2 min read
Over past several months we have made announcements with different partners in the simulation ecosystem about the overall performance of various solver technologies on Microsoft Azure Big Compute. Today we are delighted to announce the addition of ANSYS computational fluid dynamics (CFD) solvers to this ecosystem.
Independent software vendor (ISV) applications like ANSYS CFD are at the heart of CFD simulations. Microsoft Azure “Big Compute” can provide thousands of cores on demand to ANSYS customers to run their complex CFD simulation projects. These simulations will be backed by HPC infrastructure in Azure enabled by RDMA and InfiniBand technology available for both Linux and Windows.
ANSYS CFD software enables engineers to perform multi-physics analysis, including fluid forces, thermal effects, structural integrity and electromagnetic radiation to assess and fully optimize their products.
“ANSYS and Microsoft Azure have been working closely on a Proof of Concept (POC) with a large customer to run ANSYS CFD workload on Azure,” said Ray Milhem, vice president of enterprise solutions at ANSYS. “The POC proved very successful and the data showed excellent scalability running ANSYS CFD up to 1024 cores.”
Over the past several months we have worked closely with the CFD Solver team at ANSYS to make sure ANSYS CFD code runs successfully on Azure Linux RDMA stack and scales up to thousands of cores. Azure can deliver a high level of scalability and performance with ANSYS CFD because of its dedicated high-speed low-latency network fabric that uses remote direct memory access (RDMA) and Infiniband technology. This technology is only available on A8 and A9 instances. RDMA computing provides very low latency close to three microseconds and 32 Gbps bandwidth. This results in great scaling performance running your large compute CFD jobs in the Azure cloud.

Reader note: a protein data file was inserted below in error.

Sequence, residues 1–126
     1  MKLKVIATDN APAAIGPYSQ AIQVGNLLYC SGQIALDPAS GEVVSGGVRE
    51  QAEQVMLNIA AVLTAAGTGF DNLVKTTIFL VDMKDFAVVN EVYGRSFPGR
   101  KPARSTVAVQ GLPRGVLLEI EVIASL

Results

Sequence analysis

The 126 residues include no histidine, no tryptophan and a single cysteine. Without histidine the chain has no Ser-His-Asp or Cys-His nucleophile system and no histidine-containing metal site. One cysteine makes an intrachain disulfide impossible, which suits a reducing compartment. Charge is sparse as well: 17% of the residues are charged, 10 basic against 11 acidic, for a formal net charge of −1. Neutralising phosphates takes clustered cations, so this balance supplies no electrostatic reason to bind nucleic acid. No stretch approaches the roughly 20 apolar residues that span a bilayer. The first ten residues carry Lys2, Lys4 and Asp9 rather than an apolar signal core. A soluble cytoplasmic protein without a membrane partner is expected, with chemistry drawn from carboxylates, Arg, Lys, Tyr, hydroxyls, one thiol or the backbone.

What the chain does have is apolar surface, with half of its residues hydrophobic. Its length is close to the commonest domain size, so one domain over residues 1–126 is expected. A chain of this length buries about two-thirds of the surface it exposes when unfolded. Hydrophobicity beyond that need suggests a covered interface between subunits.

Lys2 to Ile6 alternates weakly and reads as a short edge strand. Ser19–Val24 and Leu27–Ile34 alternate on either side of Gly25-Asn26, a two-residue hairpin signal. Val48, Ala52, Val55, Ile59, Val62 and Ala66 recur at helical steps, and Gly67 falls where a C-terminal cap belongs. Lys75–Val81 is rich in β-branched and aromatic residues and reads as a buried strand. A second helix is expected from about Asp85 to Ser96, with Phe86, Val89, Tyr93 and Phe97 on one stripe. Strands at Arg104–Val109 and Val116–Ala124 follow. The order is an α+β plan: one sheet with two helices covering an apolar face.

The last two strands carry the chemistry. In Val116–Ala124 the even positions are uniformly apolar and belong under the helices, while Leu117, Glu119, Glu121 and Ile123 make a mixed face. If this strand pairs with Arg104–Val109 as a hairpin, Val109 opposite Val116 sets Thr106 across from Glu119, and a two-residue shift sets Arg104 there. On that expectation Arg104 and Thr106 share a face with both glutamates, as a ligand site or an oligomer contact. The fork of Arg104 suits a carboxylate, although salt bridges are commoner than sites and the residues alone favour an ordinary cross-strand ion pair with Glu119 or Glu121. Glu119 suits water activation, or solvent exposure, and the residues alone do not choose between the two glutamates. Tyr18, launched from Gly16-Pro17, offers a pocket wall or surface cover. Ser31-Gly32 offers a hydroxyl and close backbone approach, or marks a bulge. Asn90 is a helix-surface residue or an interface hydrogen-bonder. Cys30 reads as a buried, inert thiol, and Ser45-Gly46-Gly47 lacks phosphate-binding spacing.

We ran multiple simulation models from ANSYS CFD version 16.2 on CentOS 6.5 with Intel MPI on Azure A9 instances (Intel E5-2670 at 2.6 GHz, Memory 112GB, 1600MHz DDR3, QDR InfiniBand). The three models that we ran were Combustor (71 million cells), F1 Race Car (140 million cells) and Open Race Car (280 million cells) respectively. You can clearly see very good scaling numbers below for these simulations up to 1024 cores.
One of the most common request from our customers moving their HPC workloads to the cloud is to get the ISV licensing model adapted to the Cloud. ANSYS has done tremendous arrangement of its licensing for the Cloud. The changes announced by ANSYS make their licensing model more cloud friendly.
“This is part of the ANSYS Open Cloud Strategy to allow our customers to run on different public cloud backgrounds. ANSYS and Microsoft Azure team will have more announcements in the near future as they collaborate on various projects,” said Milhelm.
Please refer to the ANSYS website for more details.